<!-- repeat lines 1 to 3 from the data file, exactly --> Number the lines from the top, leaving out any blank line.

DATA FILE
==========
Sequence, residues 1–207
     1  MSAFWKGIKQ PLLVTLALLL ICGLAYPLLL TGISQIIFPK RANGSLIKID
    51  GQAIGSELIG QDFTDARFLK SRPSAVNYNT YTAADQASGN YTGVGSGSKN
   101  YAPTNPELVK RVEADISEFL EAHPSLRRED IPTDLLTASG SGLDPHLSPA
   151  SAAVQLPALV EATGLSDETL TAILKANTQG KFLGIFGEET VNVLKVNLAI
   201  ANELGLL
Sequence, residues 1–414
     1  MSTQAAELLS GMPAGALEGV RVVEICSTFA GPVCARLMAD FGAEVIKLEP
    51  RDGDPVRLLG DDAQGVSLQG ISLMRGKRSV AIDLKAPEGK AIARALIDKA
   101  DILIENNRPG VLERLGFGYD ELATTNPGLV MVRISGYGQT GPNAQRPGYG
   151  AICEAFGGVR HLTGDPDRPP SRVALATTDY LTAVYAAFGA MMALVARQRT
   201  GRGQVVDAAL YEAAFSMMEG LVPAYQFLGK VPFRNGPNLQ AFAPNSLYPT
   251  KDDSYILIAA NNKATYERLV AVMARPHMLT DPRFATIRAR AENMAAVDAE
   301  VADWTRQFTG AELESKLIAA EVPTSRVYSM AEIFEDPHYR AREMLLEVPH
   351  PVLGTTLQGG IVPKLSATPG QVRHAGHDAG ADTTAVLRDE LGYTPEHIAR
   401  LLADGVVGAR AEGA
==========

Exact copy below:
Sequence, residues 1–207
     1  MSAFWKGIKQ PLLVTLALLL ICGLAYPLLL TGISQIIFPK RANGSLIKID
    51  GQAIGSELIG QDFTDARFLK SRPSAVNYNT YTAADQASGN YTGVGSGSKN